It is vital to note that just because a country is designated a “faller” or has a low ranking doesn’t mean that all hope is lost for its future. Indeed, it means that those individuals who are currently living in the country face a lot more insecurity and far more challenges than other countries on the list, but they can also begin to work towards a path to recovery that is appropriate for their unique situation. Every country can improve its well-being and overall prosperity with the right focus, direction, and aid.

For example, in Estonia, health outcomes have risen steadily over recent years, with life expectancy now around 77 years, which is eight years higher than it was throughout the latter part of the Soviet administration. This increase in social development in Estonia has undoubtedly occurred besides its economic successes.

Another success story can be seen in Paraguay, where an investment in healthcare and education has enabled the country to move up 12 places in the Health pillar. This year, the country is ranked 47th in Health, which is far superior to its regional average. This incredible increase has come as a result of increases in vaccinations of measles (they now have a 99% vaccination rate) and a life expectancy that has increased by over 1.5 years to 73 years.

As a result of this investment and improvement in Health, individuals in Paraguay are describing higher levels of joy and lower levels of melancholy and grief. For these improvements to happen, public spending on healthcare as a percentage of GDP has risen to 7.8%.

4. Countries with poor rankings in other pillars can still focus on Health.

As seen from the obesity epidemic in some of the wealthiest countries on Earth, the Health pillar isn’t necessarily correlated with rankings in other pillars – Ethiopia is an excellent example of this.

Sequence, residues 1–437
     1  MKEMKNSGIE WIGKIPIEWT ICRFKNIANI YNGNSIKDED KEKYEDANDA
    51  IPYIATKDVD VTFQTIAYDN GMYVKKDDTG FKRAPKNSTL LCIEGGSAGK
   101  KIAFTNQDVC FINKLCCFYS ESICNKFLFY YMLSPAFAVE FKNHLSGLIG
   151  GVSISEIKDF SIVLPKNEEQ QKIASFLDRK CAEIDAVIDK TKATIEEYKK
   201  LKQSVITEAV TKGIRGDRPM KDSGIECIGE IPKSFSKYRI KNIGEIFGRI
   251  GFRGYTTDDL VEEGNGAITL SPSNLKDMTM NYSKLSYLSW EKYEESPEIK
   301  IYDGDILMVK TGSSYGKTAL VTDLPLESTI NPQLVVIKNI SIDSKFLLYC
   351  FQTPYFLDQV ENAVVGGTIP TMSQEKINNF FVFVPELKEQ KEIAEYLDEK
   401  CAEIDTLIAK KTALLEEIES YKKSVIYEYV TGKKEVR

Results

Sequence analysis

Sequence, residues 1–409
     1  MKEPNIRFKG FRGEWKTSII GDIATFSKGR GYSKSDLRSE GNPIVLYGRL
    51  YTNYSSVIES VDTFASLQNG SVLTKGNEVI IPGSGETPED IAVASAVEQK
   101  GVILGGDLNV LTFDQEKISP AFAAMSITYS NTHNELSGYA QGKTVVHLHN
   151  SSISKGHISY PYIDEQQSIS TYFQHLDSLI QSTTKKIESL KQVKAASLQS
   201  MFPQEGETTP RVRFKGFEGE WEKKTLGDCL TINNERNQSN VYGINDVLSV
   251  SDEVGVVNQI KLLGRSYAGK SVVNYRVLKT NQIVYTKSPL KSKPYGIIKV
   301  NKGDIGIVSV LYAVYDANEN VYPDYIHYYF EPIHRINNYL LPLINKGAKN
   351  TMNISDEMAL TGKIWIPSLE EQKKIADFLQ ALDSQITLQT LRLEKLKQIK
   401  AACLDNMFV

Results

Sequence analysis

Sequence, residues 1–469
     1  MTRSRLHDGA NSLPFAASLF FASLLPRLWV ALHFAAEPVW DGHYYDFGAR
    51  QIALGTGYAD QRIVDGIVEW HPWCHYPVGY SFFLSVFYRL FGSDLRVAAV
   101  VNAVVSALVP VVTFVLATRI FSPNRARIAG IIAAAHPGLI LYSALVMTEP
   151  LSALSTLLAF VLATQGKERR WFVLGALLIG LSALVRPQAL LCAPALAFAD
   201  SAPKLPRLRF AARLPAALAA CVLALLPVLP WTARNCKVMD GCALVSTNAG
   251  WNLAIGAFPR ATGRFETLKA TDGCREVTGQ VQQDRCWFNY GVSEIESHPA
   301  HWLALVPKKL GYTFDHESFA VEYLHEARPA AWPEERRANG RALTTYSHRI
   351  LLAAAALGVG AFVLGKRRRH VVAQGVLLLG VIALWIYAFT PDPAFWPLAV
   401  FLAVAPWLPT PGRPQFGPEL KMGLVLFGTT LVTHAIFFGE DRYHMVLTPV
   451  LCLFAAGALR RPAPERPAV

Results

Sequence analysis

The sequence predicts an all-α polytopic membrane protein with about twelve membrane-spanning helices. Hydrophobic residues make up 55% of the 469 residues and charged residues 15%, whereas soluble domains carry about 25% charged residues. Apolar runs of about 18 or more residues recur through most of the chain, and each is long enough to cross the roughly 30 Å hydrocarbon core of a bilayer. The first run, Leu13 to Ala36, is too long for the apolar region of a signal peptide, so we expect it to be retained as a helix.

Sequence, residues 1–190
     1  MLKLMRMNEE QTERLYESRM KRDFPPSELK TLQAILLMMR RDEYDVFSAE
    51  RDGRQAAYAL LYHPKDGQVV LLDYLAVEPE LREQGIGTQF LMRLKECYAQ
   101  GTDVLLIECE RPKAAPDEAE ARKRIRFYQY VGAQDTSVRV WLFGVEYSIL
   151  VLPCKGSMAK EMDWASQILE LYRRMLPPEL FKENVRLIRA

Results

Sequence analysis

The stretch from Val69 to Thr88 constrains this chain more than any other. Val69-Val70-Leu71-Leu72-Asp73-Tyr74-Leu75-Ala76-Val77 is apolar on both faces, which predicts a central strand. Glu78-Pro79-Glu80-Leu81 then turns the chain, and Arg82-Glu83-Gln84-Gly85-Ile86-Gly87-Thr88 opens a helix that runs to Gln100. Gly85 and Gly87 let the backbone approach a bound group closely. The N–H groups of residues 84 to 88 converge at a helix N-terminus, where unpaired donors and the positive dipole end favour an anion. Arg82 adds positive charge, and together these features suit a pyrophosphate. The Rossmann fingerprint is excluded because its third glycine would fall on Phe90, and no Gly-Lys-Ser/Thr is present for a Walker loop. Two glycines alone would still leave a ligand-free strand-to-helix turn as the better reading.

As the largest country in East Africa, Ethiopia is ranked 137th overall and has seen minimal improvement or development over the past decade. In almost all the pillars, Ethiopia has a low ranking and continues to fall in terms of Safety and Security and Personal Freedom. That being said, the marginal improvement over the past few years in its overall prosperity score has been driven primarily by improvements in Education and Health.

For example, since 2007, Ethiopia has almost doubled its vaccination rates for both measles and diphtheria, which has had a significant impact on its Health score.

On the other hand, the Eastern European country of Ukraine is ranked 111th overall and has obtained a prosperity score that is basically the same as it was in 2007. Despite its good performance in Education, the nation doesn’t do too well in all the other pillars – particularly Governance, Safety and Security, and Health. However, there are signs of improvement when it comes to Health, as significant reforms are being initiated to improve the health and education systems.

5. Prosperity levels and well-being levels move in tandem.

One of the main takeaways from the Legatum Prosperity Index 2018 is that as global prosperity levels have risen, so have levels of well-being. Generally, it can be said that those countries who saw their overall levels of prosperity rise, also saw their well-being increase.

On the other hand, countries that saw their overall prosperity decrease, also saw their well-being decrease. Therefore, it can be seen that prosperity and well-being are intricately linked together for a nation.

That being said, within the index, it can also be seen that the divergence of well-being between rising and falling prosperity is much more significant than the divergence of GDP risers and fallers. This is why the Legatum Institute maintains the belief that in order to accurately calculate prosperity, one must find a method for obtaining the underlying economic and social well-being of a country’s people. Their thorough analysis explicates that an increase in prosperity is a more reliable predictor of an advance in well-being than an increase in GDP per capita.

For The Legatum Institute, the chosen measurement demonstrates that well-being is never an established cultural trait, or at a fixed level; instead, it varies in tandem with shifting prosperity levels. In fact, no country has a set level of well-being, nor can they feel confident in the current fixed standard. The level of well-being a nation and its people experience can advance further, or (easily) drop, or be sustained over time. It all depends on priorities and what the government chooses to focus on and dedicate money towards.

What do you think about these findings from the Legatum Prosperity Index 2018? Do you have any other insights into how countries can improve their Health pillars? Alternatively, is there something that you think is missing from this analysis? Let us know your thoughts in the comments below.